Pohgoh reactivated as a band back in 2016, and they’re prepping to release a new 12-song album on November 4th through Spartan called du und ich. Its first single, “Weeds,” was inspired by frontwoman Susie Ulrey’s life with multiple sclerosis and life in the COVID-19 pandemic, and turned out to be another poppy gem from the Florida-based act. The interesting thing is, the final part of “Weeds” was written many years ago, back when Susie, her husband/bandmate Keith Ulrey, and Matt Slate formed a short-lived band called The Maccabees (not to be confused with a UK band of the same name). Their song “Blameless” would be partially resurrected for the three-minute wonder of “Weeds.”
Working with the great J. Robbins on the album at his Magpie Cage studio, du und ich is yet another grand entry in their extensive back catalog. We spoke with Susie directly about this song, why they brought back part of “Blameless,” and how the band usually works.
What's the story on bringing back a Maccabees' riff for "Weeds"? Was it discovered on an old tape or a riff that never left your mind?
When I was trying to come up with an ending for "Weeds," the chord progression reminded of an old song I'd written in 2000 called “Blameless." After struggling lyrically with the ending, I dropped the outro lyrics of "Blameless" in on a whim and it just felt right.
How much of the new LP was written from scratch versus riffs you've had before?
Pretty much the entire album was written between 2019 and a couple of months before entering the studio in the fall of 2021. "Not Cool" was written in 2017 almost immediately after recording our last album, Secret Club, that fall. The ending of "Weeds" is the only true moment of reaching back in time.
In writing riffs for the new LP, did you save tidbits on your phone or computer, or did you write them out?
We write two different ways. I either bring a song lyrically and on guitar to the band and we then arrange it together or Matt and Brian will show us a riff or pattern they've been working on and we'll sort of jam out parts until they fit, I then add lyrics after the fact. When I'm writing a complete song myself, I tend to record a simple demo on my phone.
J. Robbins once said some of the bands he works with only need to set up microphones and hit Record, while other bands need some guidance, but he wants the band to be who they are. What was it like for the new Pohgoh record?
The songs are, for the most part, as they were written. J. definitely gave us his two cents on a few arrangements, as well as additional instrumentation ideas, vocal harmonies, etc.
To celebrate the upcoming release of Museum of Light's LP Horizon, we caught up with acclaimed producer/musician Scott Evans (Thrice, Heiress) to discuss his thoughts on the evolution of recording, working with Museum of Light, and his own band Kowloon Walled City, among other topics. Scott was also gracious enough to send us some behind-the-scenes photos of the Horizon sessions and a playlist of formative songs from his journey as a musician and producer. Enjoy!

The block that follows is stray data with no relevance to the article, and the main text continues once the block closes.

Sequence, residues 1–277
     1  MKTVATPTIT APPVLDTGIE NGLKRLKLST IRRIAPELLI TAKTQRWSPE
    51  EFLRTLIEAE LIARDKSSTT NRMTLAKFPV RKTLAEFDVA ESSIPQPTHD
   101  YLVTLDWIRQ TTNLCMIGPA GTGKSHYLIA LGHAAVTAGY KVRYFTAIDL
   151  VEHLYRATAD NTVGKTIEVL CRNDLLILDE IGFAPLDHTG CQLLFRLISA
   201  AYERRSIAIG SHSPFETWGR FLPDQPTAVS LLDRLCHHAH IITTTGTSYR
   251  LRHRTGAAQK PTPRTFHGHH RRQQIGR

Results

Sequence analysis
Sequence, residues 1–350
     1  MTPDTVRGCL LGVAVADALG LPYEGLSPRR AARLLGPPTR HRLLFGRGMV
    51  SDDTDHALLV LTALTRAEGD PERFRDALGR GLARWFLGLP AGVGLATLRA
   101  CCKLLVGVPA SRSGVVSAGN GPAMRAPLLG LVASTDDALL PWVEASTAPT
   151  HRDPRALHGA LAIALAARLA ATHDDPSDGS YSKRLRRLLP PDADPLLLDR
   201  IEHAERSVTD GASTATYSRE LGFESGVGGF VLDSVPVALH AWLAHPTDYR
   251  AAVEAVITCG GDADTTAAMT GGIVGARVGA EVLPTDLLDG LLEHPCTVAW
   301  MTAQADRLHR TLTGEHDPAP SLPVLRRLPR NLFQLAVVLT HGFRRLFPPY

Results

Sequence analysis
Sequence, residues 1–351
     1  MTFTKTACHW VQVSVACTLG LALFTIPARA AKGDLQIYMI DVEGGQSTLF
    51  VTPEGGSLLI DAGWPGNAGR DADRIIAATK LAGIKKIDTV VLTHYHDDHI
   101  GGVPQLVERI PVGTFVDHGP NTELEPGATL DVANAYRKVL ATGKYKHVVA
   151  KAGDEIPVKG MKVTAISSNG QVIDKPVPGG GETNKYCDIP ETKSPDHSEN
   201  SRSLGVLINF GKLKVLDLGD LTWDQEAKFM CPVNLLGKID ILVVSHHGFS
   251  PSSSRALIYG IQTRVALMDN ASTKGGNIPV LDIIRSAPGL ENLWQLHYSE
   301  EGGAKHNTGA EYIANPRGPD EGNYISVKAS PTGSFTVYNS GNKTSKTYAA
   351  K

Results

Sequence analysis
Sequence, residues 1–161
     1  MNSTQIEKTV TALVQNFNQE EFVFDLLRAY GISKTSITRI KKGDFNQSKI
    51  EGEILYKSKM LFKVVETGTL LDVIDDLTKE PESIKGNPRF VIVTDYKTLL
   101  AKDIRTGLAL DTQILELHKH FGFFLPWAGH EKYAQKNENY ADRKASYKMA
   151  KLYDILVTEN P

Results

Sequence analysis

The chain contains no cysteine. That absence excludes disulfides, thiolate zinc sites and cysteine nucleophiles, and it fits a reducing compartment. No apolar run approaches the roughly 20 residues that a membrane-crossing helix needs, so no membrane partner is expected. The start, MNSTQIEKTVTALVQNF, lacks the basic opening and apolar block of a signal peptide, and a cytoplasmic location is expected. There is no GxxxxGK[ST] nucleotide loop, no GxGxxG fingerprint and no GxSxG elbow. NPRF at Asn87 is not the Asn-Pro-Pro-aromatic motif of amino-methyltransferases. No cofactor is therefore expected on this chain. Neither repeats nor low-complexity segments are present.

What were some formative records of your youth?
Number one: a Black Sabbath Greatest Hits tape that my Aunt gave very young me. After that... the early Iron Maiden albums, Yes Close to the Edge, King Crimson Red and Discipline, Pink Floyd Animals, Slayer Reign In Blood, as much weird and fast metal as I could find. Eventually I found stuff like My Bloody Valentine Loveless, the first couple of Public Enemy albums, Skinny Puppy and Front 242, Naked City, Funkadelic...really when I was a kid every other record I found was formative.
At what point did you start playing music? What led you to the production world?
I started playing bass when I was about 14. Not too long after that I ended up with my first 4-track and a drum machine and I was hooked. It was the kind of thing where you sit down for a few minutes and suddenly it's nine hours later. Still is. That wasn't exactly "the production world" but it did kickstart my love of recording. But it never seemed like a possible career. I spent many years afterward slowly building up a home studio to record friends, but I had a day job as a programmer that took priority. It wasn't until relatively late in life that I started recording more bands.
Talk a bit about your production/recording arc -- in what ways has your process evolved with time (both philosophically and in terms of tech + approach)?
I've come to understand that you really can and should track bands playing together live, instead of doing scratch takes that you plan to replace under a microscope. When you record a great band together, on a good day it's almost easy. I do also love making records that are synthetic and "assembled", but the inbetween kind - make it sound like a real band when it really wasn't - that can be tough.